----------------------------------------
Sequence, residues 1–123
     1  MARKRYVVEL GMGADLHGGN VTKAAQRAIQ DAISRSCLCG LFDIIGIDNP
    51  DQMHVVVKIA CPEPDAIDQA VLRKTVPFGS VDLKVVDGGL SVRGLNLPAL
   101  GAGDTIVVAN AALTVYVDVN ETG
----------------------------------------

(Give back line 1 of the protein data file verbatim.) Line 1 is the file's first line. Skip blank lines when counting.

Sequence, residues 1–123